Spring has finally arrived! With Easter coming up this weekend, it’s a good time to review some quick tips to keep everybunny safe.
Coloring hard-boiled eggs can be a great family craft activity. Plus, dyeing eggs can be a great opportunity to learn about colors and color mixing – for example, mixing yellow and blue to make green, or any of the infinite number of fun color combos out there. If you plan to eat these beautiful creations, please follow food safety guidelines. Hard-boiled eggs should not be left out more than two hours. Consuming eggs left out longer than this could make you sick!
It’s nearly impossible to go to the store this time of year and not see shelves bursting with an explosion of pastel colors, Easter décor, and tasty spring treats. Store-bought items can add a basket full of fun to your holiday celebrations, but make sure you’re looking at the labels. Reading labels when purchasing prefilled eggs is especially important for families with food allergies. For families with small children, pay attention to the age range listed on the packaging; some prefilled eggs may have small toys that can be choking hazards.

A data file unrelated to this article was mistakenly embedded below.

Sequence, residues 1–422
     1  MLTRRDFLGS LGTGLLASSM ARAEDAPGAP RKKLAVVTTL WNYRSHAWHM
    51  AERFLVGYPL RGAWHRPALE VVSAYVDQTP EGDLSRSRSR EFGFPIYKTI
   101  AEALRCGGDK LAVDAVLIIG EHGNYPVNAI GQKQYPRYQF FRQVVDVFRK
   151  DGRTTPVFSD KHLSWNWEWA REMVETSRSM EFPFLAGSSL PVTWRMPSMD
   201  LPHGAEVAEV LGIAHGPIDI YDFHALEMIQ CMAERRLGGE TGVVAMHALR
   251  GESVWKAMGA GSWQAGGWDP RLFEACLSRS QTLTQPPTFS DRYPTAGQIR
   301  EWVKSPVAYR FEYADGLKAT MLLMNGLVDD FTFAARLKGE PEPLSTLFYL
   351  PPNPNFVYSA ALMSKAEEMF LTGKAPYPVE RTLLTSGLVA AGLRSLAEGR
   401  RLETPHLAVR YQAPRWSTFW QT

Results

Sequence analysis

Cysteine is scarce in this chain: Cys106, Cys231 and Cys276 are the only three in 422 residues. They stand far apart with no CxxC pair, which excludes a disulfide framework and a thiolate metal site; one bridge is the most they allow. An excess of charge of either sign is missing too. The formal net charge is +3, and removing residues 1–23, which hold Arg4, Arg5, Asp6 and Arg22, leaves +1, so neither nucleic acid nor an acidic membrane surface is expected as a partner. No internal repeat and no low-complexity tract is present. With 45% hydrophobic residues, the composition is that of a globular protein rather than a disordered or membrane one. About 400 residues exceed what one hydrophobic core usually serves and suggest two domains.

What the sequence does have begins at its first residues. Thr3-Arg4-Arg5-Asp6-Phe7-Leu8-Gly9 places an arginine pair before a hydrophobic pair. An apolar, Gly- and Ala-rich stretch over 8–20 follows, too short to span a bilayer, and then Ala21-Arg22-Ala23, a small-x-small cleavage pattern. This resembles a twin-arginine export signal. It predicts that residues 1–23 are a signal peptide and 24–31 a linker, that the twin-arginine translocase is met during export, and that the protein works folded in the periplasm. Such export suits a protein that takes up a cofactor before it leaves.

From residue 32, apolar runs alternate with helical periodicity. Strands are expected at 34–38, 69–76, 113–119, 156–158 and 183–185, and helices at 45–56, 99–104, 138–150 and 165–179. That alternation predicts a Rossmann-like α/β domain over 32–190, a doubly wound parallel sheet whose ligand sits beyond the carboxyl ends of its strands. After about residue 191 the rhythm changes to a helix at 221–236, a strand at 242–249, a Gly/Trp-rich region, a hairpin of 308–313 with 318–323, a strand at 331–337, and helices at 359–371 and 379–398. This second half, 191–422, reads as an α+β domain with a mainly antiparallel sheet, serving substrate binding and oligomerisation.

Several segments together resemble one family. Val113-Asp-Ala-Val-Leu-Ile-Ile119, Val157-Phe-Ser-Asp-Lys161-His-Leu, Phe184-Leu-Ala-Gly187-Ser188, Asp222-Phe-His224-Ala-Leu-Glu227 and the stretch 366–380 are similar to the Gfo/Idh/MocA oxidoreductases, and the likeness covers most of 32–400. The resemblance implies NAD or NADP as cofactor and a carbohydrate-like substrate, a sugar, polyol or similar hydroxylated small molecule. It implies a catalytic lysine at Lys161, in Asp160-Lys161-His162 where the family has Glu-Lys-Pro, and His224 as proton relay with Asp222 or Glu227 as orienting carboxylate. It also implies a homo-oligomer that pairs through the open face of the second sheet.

Location, location, location!
One of the hallmark Easter celebrations is the egg hunt! Hiding eggs and then watching little ones excitedly search for them is one of my favorite joys of the season. When hiding eggs, be mindful of location to avoid potential injury in the rush to find them. Rose bushes have beautiful flowers, but very sharp thorns that a toddler might not notice and bump against. Avoid areas where pets may go to the bathroom, areas near water, or areas that have holes or other dangers that might be hard to spot when in a hurry to find eggs. Stay clear of hiding eggs near electrical outlets and breakable objects, and never hide eggs in a place where a child would have to climb to find them.
The Easter Bunny gets a lot of attention during this holiday. If you have other four-legged animals in your home, there are some additional safety measures to consider. Did you know that the Easter lily can be toxic to cats if ingested? Or that chemicals in chocolate can be lethal to dogs and cats? Plastic grass commonly found in Easter baskets and candy wrappers can cause pets to choke or develop a painful blockage in their digestive tract. Give your furry (or scaly or feathered!) friends some extra love this Easter by keeping treats meant for humans away.
However you celebrate, we wish you all a very hoppy and safe Easter!
About the Author
Hailey Nelson, MD, FAAP, IBCLC is a complex care pediatrician at Valley Children’s Charlie Mitchell Children’s Center. Dr. Nelson enjoys working with children of all ages and abilities and is especially passionate about providing the best possible care to medically fragile children and their families. As the ambassador for Safe Kids Central California, she is a vocal advocate for children’s wellness and regularly appears in news media discussing pediatric healthcare.